Believe it or not, I can't go to Target without getting beauty questions from strangers, and I love helping a sister out. The questions I get asked the most always revolve around eyeliner. Since eyeliner is a technique that takes a lot of practice, women are usually afraid to try it, or discouraged after a bad experience. I simplified 4 ways to wear eyeliner, with the product recommendations that I find work the best, so you can feel confident the next time you do your eyes.
And if you're still wondering "why eyeliner?" it is one of the quickest ways to bring out the eyes; the very part of our face where we connect with others. Why not frame our eyes with an liner and a coat of mascara to create contrast with the whites of our eyes?
The most minimal way to line the eyes and darken the lash line is to tightline. It adds dimension and thickness to the lashline, without adding any darkness to the lid. I always recommend this technique to women working in corporate environments, busy moms, and teens. It's a universal, simple way to make the eyes stand out.
Look for a pencil that is longwearing or made especially for tightlining. I used an Urban Decay 24/7 pencil in black. You can also try a cake liner from Laura Mercier (applied with a damp brush), a pot of Bobbi Brown's Long Wear Gel Liner, or the waterproof kohl kajal pencil from Rimmel.
The fastest way to tightline is to lift the brow and tilt your head back slightly as you look into a mirror. With the kohl of your choice, darken the water line, or the membrane right under the top lash line.
Tightlining takes practice, and it can cause the eyes to water. Be patient, and take a break if your eyes start to tear. Have a few Q-tips close by to clean up transfers to the lower lash line or blobs that fill up the tear duct.
For a thin definition of the upper lash line, I love to use a felt tip liner pen, like the Kat Von D Tattoo Liner. In this look I used the dark brown shade for a softer daytime look.
Start by putting the point of the felt tip pen almost flat against the lid to get a precise line. Short strokes are much easier to connect, rather than lining the entire eye in one swipe, so press the pen against the lid to get 4 or 5 lines that connect. This technique also prevents the liner from going on too thick. After each line, ensure that the color is as close on the lashes as possible. I line the very inner corner to the very outer corner, and slowly sweeping the liner to the outer edge of my eye and stopping there. This technique also works with a sharpened pencil. Keep in mind that a twist-up liner may look more smudged than this, so those pencils may not be the best option.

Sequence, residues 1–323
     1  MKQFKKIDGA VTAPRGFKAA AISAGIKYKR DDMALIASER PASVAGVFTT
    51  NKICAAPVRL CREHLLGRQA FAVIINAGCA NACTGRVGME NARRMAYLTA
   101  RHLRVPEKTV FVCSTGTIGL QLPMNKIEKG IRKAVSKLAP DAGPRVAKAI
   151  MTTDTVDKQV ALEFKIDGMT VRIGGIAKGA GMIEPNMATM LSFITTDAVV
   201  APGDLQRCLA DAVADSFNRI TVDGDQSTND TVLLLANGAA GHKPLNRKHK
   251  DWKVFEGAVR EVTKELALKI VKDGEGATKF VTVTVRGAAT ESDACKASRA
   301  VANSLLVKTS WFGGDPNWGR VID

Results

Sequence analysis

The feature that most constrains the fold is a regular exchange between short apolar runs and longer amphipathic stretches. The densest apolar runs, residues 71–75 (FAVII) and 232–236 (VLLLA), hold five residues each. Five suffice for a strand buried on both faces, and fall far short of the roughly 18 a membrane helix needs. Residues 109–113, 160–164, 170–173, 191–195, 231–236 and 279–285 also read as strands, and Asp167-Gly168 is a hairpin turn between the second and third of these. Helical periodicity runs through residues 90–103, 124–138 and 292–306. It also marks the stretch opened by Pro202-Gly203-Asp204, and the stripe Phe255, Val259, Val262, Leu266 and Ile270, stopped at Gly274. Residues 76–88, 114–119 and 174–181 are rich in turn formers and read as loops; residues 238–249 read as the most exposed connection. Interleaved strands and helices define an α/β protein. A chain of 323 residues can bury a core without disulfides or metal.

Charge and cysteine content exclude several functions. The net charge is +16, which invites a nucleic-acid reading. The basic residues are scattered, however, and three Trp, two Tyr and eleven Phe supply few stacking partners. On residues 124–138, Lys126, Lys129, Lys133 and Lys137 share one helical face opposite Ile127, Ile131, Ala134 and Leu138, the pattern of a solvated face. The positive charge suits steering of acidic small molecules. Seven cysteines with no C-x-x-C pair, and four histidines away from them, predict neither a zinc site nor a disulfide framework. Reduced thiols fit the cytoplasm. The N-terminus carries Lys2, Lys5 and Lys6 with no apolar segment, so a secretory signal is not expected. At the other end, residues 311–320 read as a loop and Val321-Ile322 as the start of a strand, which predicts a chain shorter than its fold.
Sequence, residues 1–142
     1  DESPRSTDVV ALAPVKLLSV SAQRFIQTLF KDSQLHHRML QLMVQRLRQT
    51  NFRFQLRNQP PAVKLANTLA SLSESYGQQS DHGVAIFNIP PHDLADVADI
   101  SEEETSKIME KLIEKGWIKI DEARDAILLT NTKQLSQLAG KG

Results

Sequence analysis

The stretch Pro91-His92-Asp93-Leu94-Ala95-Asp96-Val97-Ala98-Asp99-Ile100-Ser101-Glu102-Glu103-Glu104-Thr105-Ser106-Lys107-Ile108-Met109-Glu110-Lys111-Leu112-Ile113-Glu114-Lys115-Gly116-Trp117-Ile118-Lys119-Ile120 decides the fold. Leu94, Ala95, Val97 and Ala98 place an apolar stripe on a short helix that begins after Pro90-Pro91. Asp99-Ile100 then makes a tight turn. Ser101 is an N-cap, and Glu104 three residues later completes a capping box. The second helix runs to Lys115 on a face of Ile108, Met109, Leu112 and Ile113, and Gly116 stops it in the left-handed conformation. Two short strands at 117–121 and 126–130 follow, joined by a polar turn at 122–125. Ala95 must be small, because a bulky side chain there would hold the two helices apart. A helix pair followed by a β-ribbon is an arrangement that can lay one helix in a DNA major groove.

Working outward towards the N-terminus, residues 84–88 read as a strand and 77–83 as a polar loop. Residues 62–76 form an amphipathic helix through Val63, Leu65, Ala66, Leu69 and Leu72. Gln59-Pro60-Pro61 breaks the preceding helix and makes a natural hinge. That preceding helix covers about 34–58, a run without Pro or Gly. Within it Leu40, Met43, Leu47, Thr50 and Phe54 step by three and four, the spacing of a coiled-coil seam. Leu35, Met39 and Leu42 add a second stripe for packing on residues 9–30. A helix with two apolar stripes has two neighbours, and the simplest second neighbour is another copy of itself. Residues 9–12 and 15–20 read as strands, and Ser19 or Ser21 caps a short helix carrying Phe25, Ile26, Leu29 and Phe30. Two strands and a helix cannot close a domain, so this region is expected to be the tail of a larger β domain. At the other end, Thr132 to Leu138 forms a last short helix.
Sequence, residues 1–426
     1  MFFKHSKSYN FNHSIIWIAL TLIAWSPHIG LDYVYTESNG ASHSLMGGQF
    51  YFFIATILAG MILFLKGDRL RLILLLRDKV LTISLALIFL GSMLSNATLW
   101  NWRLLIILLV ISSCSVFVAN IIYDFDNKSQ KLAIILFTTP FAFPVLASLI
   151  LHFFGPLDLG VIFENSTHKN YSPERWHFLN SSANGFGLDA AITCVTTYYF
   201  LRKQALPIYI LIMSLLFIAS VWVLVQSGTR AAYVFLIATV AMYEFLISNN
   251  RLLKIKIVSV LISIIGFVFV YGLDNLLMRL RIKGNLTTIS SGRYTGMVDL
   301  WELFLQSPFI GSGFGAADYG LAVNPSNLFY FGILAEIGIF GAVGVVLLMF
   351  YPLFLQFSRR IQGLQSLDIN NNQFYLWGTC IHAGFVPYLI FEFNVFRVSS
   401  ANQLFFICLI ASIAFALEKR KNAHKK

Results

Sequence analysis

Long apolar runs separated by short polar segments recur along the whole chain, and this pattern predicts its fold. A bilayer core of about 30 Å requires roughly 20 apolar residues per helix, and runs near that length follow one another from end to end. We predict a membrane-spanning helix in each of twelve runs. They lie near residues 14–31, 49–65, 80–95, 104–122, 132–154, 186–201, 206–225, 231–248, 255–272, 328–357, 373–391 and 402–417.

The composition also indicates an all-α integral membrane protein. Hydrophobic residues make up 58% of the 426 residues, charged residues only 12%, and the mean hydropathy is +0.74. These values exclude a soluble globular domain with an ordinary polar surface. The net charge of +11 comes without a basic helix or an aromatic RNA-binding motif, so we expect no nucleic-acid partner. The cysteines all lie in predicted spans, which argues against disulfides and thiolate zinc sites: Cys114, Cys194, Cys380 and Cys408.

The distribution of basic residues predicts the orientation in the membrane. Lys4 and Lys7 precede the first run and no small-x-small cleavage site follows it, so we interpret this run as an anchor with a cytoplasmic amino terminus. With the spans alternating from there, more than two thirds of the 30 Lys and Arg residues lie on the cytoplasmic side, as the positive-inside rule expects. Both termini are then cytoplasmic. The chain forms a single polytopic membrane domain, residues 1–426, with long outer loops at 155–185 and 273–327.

For a smoky look, use the thin liner look technique first, then using a smudging brush, apply eyeshadow in a similar shade over the liner. I always start on the outer edge of the eye with the eyeshadow smudging, and work my way to the inner corner so the brush has less and less product as it goes further in towards the nose. Layer the eyeshadow over the eyeliner until it looks smoky.
You can do this technique with any shade of eyeshadow, so it's a great technique to learn for a multitude of color combinations. Try dark brown, grey tones, bronze, deep purples, and shades of navy depending on your look for the day. An eyeshadow palette is very handy, especially one that has eyeliner-toned shades. The most practical palettes contain a few nude shades, a few medium shades, and a few darker shades that can be used as liner.
CAT EYE LINER
Cat eye liner is one of my favorites for a more glamorous look. I always feel super feminine and a little Old Hollywood when I wear a cat eye, so it is definitely a technique I have practiced many times.
I created a video tutorial for a cat eye liner back when I worked for Verily Magazine with step by step application of the technique which you should definitely watch if you need some motivation to try it out.
I prefer felt tip eyeliner pens for this because I find they look the most polished and tend not to flake off after hours of wear. A stylo pen is much easier to hold than a wet liner brush. I rounded up a few of my favorite felt tip liner stylos, from drugstore to department store, right up above!
Keep in mind that my eyes are hooded, meaning you cannot see the mobile part of the lid when my eyes are open, so these looks may not look exactly the same on you. More of the liner may be visible, where on my lids, it is slightly hidden by my brow bone.
SHOP THE TOOLS FOR THE LOOK
Disclaimer: These photos have not been photoshopped or edited for smoothing. Only the lighting has been adjusted. I do not edit my photos with blurring tools because I believe that natural skin, fine lines, and pores happen. Let's celebrate how we look in real life!